Dan Barber, The Third Plate

The Barber of Blue Hill.

Every time someone tells me what I shouldn't eat, I reach for the revolving lazy Susan. Far too often the food police are joyless scolds or dieters in disguise—people of the upper quartile who fashion moral superiority out of consumption made conspicuous on their Facebook feeds.

What a wonder, then, to read Dan Barber's The Third Plate: Field Notes on the Future of Food (Penguin Press, 496 pages, $29.95). Barber, executive chef at Manhattan's swanky Blue Hill restaurant, wants nothing less than to reimagine "sustainable food." Your local, organic tomato is, he says, the "Hummer of the vegetable world." (It's also a fruit, but never mind that now.) Tomato plants use a ridiculous amount of water and nutrients to form a single Roma. And as each bycatch fish at Bamboo Sushi is rehabilitated for trendy consumption, it's like it landed the role of understudy for the endangered list.

But Barber isn't advocating that we give up on tasty, tasty foods. Much the opposite. His argument is that flavorful foods are the extension of smart growing habits that keep the soil healthy, the sea fecund and the Iberian pig fat and happy. A fish farm produces stocks that surpass wild by supporting a broad ecosystem that makes the fish more flavorful even if it means letting herons eat the stocks, and crop farmers support their soil by—as the Native Americans always knew—meticulously rotating and co-growing crops that are good for the soil, rather than whatever's fashionable on seasonal-organic menus.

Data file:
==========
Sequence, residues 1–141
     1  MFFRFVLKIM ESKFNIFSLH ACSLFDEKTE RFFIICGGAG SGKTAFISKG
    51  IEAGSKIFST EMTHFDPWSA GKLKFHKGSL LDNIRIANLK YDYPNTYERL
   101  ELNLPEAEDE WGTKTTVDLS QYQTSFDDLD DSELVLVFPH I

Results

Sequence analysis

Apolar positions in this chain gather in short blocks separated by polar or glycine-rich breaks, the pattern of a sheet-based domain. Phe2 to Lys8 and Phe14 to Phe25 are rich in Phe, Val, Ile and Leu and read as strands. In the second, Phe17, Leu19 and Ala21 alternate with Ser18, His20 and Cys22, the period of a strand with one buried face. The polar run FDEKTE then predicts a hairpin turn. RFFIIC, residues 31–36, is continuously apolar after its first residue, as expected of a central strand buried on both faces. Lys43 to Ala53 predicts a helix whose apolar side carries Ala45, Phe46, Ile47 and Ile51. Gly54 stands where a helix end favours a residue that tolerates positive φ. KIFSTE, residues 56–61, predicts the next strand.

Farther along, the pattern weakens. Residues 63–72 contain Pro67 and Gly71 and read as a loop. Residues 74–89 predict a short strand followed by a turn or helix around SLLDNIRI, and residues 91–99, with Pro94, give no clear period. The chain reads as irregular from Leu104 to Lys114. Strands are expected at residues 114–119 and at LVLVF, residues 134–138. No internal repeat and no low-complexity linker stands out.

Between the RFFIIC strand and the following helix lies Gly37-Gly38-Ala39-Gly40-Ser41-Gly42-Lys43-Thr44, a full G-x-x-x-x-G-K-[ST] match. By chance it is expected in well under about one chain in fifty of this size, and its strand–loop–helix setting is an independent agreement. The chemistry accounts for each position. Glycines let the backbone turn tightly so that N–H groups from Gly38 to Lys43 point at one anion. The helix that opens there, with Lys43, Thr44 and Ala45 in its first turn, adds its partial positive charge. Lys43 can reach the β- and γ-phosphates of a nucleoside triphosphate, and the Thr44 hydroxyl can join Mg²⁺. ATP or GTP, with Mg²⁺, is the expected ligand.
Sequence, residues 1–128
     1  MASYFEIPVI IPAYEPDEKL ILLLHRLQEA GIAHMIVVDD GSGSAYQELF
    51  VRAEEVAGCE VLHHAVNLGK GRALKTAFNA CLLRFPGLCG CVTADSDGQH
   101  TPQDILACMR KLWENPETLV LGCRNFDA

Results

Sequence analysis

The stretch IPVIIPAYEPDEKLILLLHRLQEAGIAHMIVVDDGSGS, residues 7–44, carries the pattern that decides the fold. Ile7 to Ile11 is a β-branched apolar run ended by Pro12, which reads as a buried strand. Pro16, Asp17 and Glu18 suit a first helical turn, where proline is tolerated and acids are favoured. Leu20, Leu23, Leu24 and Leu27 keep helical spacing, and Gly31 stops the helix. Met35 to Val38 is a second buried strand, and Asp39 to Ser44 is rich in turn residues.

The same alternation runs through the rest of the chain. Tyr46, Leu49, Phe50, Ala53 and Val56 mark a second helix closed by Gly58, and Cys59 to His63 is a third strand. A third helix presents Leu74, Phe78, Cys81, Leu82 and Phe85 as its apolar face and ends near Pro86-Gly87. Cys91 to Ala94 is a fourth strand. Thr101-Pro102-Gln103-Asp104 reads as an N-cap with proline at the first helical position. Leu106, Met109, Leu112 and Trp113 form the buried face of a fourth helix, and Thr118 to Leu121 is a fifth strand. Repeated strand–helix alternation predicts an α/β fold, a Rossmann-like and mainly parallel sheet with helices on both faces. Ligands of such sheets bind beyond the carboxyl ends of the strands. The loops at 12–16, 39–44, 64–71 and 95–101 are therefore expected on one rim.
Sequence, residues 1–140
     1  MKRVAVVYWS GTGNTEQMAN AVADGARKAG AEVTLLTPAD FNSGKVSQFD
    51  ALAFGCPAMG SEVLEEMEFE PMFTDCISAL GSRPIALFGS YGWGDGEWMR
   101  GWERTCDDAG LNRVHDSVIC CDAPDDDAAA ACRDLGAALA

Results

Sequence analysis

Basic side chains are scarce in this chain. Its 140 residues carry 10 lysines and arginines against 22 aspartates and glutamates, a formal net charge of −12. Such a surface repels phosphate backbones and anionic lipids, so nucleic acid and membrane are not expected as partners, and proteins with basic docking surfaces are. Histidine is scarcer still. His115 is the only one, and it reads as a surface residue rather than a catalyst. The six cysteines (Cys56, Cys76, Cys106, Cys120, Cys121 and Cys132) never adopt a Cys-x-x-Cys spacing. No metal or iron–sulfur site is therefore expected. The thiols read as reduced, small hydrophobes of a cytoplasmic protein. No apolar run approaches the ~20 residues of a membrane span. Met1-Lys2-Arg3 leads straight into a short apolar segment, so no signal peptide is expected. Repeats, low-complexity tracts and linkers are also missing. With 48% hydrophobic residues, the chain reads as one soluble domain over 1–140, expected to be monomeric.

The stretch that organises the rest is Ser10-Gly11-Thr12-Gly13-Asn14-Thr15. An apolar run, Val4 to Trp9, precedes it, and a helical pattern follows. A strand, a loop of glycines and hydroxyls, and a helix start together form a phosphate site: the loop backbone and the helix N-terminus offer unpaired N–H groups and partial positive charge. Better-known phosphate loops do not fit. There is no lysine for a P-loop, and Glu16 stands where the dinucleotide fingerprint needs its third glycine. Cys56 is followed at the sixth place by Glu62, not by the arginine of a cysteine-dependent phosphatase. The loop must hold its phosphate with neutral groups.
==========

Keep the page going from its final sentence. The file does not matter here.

Barber is a passionate, lovely writer, and with two glasses of wine you could weep while reading him describe the economy of the Spanish dehesa, where itinerant pigs plug themselves full of acorns and nurture the soil with fertile poo. Even your staunchest Republican would have to admire the ingenuity with which organic farmer Klaas Martens rotates and co-plants crops to maximize flavor and yield.

But these farmers are outliers, and Barber allows his book to include the most damning criticism of the notion that such practices will save food. "Sooner or later," agriculture expert Wes Jackson tells him, "someone is going to do something stupid to degrade the land."

And Jackson is probably right. But the history of this country is governed as much by reverent aesthetic ideals as short-term stupidity. We have proven we will chase idylls with shekels. And it is rare to read a book about food that inspires such reverence as this one.

GO: Dan Barber reads at Powell's City of Books, 1005 W Burnside St., on Monday, June 2. 7:30 pm. Free.  

WWeek 2015

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